Upon reentering our Central Asian country we had to sign that we would self-quarantine for fourteen days. In spite of much ambiguity about whether this is actually required, we are trying to honor this request as much as possible. However, there were a few tasks that needed to be done in our immediate neighborhood in order to be able to stay at home for these two weeks, such as replacing a burned-up component of our electricity box. The lack of constant electricity is such a common grievance here that the government would definitely count replacing this piece as a permissible exception. “Give us independence! … or if not… we’ll settle for 24 hour electricity.” is the joke refrain among some of the demographics here.
On our first or second day back I was sneaking out of our courtyard in order to put something in our vehicle. As I hurried down the street, masked, I saw a 50-year-old-looking man approaching me in the native dress of a different people group, the outfit of the historic enemies of our majority neighbors here. He stopped me and began to ask me something, but in the other major language here that I haven’t been able to learn, focused as we’ve been on our people group’s tongue. There is a swathe of shared vocabulary between these languages, however, and I was able to discern the word for “neighbor.” This man seemed to be asking about my neighbors. I apologized and told him that I didn’t speak his language and moved on to my vehicle. But I pointed to another neighbor’s 20-something son who is fluent in this language and indicated that he could help him.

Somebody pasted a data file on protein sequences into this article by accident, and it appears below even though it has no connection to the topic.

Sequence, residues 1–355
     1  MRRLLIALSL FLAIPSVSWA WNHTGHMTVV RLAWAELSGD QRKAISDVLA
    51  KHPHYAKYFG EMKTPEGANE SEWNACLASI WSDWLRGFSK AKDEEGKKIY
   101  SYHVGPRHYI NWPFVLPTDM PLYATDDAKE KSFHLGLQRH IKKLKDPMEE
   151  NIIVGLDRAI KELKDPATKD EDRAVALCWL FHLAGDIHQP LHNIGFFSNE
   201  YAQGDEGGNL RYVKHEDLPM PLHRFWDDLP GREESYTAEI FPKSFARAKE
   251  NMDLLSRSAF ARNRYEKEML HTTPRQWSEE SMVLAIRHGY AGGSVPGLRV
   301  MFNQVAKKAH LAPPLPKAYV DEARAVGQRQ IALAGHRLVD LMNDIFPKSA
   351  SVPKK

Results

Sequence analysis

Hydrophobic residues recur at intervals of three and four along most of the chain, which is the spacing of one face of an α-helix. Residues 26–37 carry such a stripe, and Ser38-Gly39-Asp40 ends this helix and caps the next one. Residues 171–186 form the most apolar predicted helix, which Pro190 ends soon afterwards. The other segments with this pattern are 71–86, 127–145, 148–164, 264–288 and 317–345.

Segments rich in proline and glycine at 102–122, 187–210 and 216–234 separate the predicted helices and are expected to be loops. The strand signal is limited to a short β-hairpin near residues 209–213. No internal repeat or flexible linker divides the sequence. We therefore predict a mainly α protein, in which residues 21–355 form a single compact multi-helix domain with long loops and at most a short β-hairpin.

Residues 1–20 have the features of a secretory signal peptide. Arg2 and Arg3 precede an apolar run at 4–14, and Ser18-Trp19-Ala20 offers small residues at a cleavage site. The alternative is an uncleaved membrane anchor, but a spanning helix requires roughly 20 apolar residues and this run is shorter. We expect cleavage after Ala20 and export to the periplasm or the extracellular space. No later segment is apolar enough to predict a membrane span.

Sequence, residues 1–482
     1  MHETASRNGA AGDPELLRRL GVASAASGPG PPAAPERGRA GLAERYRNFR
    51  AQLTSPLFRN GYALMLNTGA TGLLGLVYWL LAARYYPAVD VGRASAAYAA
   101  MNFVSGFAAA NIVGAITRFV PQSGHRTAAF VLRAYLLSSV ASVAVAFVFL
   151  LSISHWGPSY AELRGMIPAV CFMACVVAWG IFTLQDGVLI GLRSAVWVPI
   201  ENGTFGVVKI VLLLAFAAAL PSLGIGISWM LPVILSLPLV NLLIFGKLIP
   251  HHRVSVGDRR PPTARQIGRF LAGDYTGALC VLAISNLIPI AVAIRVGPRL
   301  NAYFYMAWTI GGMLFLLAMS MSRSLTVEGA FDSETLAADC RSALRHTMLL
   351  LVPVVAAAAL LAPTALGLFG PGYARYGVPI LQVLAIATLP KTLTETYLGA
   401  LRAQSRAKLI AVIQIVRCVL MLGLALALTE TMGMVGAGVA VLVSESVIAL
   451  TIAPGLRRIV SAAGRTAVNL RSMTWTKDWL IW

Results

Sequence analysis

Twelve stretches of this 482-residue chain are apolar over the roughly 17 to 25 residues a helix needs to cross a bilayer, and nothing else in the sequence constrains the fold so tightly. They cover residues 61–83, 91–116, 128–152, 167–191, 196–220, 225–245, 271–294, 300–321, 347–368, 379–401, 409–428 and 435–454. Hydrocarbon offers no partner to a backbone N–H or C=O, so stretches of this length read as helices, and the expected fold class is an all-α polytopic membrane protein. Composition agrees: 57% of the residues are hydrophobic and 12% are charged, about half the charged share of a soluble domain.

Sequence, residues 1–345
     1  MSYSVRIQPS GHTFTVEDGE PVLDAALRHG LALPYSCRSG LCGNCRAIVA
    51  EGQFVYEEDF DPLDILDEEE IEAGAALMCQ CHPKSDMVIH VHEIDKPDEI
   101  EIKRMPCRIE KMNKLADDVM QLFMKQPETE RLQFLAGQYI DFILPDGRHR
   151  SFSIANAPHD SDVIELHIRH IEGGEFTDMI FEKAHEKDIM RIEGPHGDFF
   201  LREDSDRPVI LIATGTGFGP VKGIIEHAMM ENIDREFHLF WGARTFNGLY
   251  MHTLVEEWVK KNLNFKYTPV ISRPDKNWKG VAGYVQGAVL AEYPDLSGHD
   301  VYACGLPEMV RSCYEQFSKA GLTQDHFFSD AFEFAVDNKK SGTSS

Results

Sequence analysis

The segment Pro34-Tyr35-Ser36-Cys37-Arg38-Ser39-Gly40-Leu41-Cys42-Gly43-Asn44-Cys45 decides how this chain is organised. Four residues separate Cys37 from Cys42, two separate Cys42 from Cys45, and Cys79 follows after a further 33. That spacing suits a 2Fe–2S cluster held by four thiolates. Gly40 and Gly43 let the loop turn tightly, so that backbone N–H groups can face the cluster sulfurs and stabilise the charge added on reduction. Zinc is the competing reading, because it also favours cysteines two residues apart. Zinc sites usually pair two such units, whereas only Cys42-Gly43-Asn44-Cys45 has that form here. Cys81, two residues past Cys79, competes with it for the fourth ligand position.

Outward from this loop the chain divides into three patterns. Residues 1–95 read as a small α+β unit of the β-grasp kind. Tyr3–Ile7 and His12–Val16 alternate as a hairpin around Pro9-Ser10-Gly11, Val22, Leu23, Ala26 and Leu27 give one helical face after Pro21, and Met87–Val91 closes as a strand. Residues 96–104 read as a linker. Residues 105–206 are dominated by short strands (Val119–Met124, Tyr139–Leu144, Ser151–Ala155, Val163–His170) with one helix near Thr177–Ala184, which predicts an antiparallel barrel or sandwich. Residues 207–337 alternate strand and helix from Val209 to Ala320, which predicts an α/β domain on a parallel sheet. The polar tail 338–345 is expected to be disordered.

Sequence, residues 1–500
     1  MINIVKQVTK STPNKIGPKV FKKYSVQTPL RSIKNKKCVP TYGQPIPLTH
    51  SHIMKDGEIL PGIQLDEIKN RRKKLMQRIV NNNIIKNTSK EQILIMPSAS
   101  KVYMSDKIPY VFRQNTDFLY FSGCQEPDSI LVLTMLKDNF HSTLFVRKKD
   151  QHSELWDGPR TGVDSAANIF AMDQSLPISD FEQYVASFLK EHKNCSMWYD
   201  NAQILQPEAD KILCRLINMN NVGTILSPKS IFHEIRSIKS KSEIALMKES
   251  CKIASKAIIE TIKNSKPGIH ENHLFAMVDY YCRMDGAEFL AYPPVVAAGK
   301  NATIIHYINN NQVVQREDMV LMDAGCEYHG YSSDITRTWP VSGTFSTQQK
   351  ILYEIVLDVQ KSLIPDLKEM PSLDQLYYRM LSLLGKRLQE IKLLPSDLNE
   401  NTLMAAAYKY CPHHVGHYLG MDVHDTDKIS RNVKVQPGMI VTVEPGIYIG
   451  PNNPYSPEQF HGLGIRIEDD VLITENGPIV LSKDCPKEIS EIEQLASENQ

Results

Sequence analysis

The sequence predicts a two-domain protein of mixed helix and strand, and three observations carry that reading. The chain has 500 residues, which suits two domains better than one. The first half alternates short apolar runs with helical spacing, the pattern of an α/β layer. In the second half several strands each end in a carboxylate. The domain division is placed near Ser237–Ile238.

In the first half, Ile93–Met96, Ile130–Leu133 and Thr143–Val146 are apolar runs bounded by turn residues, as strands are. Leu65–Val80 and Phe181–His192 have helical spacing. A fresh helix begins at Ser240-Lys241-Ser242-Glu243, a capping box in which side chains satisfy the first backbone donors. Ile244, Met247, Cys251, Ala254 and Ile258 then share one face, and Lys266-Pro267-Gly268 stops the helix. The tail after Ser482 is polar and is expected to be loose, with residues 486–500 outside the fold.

When I was walking back to my house, there he was again. The young man then began translating for us. “He’s your new neighbor!” he said. “He wants to let you know that he is honored to meet you and that he is at your service.”